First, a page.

Locally in Orlando, you can find them at Asian markets such as Saigon Market or Tien Hung Market. Call ahead to find out if they have them in stock though.

Saigon Market
1232 E Colonial Dr, Orlando, FL 32803, United States
Phone:(407) 898-6899

Tien Hung Market
1112 E Colonial Dr, Orlando, FL 32803, United States
Phone:(407) 849-0205

Durian - the "king of fruit". Also known as the Stinky fruit
Durian – the “king of fruit”. Also known as the Stinky fruit

Regarded by many people in southeast Asia as the “king of fruits”, the durian is distinctive for its large size, strong odor, and formidable thorn-covered husk. The texture of the flesh, when served cold, is similar to a sweet custard. The persistence of its odor has led to the fruit’s banishment from certain hotels and public transportation in Southeast Asia. I like it in the smoothie form at our local area Vietnamese restaurants like Pho 88, but you can also buy it whole at the Asian markets (call ahead though to be sure). Try it out, even Andrew Zimmern wasn’t brave enough to stomach this pungent fruit.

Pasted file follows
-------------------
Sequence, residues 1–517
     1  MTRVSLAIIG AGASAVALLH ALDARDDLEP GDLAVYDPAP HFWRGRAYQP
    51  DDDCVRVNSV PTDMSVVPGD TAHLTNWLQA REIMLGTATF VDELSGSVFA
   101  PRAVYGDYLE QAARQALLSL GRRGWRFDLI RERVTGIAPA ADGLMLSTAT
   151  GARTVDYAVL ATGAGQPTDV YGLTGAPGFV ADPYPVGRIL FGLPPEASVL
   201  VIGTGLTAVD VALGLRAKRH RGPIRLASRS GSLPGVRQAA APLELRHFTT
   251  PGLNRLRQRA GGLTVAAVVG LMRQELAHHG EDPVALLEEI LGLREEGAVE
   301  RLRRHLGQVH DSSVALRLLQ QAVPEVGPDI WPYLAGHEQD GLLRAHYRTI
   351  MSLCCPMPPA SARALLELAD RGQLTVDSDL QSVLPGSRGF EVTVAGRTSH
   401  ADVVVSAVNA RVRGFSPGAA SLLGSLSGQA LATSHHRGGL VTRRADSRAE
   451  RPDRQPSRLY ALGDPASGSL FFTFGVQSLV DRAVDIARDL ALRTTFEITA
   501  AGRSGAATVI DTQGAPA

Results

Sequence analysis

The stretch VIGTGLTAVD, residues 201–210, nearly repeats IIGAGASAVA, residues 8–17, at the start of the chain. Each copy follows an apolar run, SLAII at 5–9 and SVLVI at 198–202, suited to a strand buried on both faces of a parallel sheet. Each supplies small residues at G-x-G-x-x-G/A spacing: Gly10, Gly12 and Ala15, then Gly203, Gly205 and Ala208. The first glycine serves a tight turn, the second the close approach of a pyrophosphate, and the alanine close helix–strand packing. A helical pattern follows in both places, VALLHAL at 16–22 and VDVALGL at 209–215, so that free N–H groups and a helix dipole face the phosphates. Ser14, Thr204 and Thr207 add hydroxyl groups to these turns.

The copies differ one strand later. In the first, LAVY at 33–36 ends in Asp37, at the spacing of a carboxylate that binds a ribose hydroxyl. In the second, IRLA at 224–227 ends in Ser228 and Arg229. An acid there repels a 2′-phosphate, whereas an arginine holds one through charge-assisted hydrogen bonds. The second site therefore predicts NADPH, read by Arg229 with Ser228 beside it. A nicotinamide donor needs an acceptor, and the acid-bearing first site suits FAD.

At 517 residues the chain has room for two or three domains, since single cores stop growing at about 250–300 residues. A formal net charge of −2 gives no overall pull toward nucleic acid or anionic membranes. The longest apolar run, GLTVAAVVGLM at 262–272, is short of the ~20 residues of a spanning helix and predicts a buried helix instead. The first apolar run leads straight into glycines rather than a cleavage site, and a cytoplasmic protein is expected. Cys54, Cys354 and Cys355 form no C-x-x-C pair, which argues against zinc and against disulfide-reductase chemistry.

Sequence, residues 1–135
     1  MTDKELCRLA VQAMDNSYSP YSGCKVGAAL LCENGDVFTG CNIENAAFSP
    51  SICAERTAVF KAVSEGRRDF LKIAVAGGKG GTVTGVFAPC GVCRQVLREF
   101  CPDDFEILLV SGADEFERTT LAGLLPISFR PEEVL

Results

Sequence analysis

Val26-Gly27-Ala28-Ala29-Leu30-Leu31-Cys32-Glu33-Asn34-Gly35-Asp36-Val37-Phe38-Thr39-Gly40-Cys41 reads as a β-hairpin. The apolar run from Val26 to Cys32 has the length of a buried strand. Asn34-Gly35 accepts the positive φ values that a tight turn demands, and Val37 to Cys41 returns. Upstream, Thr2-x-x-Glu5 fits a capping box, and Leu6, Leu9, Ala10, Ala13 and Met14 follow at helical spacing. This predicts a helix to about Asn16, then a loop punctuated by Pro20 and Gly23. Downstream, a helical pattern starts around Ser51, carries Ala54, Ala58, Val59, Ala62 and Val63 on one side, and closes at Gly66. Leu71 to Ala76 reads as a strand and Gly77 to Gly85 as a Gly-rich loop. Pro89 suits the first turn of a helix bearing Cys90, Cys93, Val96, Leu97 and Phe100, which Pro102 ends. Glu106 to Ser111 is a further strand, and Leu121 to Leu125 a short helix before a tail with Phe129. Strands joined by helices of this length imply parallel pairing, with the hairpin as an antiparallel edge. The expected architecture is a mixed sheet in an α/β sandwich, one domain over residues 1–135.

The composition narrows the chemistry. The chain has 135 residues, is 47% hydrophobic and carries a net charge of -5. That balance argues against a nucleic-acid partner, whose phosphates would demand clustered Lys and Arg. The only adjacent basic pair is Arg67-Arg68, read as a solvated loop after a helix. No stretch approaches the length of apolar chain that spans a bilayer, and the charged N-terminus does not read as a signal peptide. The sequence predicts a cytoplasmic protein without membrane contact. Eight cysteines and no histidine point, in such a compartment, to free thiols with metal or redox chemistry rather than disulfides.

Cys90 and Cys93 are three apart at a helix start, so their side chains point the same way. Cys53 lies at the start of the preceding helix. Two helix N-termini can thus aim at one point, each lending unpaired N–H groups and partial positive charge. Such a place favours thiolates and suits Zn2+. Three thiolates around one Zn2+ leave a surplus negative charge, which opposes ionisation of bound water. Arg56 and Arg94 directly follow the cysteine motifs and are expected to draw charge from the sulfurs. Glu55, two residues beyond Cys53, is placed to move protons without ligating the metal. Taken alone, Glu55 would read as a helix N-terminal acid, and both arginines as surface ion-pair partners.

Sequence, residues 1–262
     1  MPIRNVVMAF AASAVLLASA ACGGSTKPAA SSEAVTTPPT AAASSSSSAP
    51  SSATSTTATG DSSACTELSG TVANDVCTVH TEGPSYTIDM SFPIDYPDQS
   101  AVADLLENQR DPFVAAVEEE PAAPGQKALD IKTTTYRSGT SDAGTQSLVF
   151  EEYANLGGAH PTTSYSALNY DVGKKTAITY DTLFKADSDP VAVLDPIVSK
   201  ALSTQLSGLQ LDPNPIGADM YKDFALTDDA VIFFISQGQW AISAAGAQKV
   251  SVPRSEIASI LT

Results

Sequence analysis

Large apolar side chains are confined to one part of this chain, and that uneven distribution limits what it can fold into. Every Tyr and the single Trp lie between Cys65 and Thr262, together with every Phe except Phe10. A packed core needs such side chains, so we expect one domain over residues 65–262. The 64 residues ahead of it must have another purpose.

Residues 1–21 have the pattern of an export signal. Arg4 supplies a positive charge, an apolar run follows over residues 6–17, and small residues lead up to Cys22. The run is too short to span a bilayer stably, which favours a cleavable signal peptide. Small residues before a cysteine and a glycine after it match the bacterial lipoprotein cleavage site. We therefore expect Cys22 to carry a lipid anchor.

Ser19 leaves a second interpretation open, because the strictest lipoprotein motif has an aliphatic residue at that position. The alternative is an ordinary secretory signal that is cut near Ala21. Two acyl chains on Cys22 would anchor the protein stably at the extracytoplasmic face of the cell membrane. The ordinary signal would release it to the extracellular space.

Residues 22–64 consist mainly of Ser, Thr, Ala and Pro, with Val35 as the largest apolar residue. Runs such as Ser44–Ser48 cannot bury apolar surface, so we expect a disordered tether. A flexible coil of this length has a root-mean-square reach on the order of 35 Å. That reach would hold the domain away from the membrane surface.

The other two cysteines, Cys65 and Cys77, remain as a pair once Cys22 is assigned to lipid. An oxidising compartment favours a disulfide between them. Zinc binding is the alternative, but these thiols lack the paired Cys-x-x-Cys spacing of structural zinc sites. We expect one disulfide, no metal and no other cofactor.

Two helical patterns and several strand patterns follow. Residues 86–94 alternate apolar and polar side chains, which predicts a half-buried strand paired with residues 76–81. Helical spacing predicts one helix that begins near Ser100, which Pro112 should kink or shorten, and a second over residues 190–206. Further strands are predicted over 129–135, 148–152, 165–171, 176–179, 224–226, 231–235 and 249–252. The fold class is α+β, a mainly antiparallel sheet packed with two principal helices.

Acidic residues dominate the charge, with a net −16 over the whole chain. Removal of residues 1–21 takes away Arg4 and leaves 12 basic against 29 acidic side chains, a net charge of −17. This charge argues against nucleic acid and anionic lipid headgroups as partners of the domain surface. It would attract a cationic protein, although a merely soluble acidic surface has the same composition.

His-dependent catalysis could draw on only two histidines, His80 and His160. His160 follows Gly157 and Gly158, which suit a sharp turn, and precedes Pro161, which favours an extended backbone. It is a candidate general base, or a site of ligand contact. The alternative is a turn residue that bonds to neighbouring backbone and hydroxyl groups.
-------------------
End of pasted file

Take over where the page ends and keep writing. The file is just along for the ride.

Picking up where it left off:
Saigon Market
1232 E Colonial Dr, Orlando, FL 32803, United States
Phone:(407) 898-6899

Tien Hung Market
1112 E Colonial Dr, Orlando, FL 32803, United States
Phone:(407) 849-0205

Stuffed Lamb at Cedar's Halal
Stuffed Lamb at Cedar’s Halal

Whole stuffed lamb with spices and rice. Will have to call Cedar’s ahead for this one.

Cedar’s Halal Food and Deli
Address: 12100 E Colonial Dr, Orlando, FL 32826
Phone:(407) 381-8004

Nihari at Chaat House
Nihari with Brain at Chaat House

Nihari is a Pakistani, Indian, and Bangladeshi stew dish consisting of slow cooked beef or lamb garnished to taste and served with cooked brains or bone marrow. Nihari with Brain is $9.99 at Chaat House, a local Pakistani eatery on South Orange Blossom Trail known for their street food dishes.

Chaat House Orlando
Address: 9472 S Orange Blossom Trail, Orlando, FL 32837
Phone:(407) 240-4922


Natto, fermented soybeans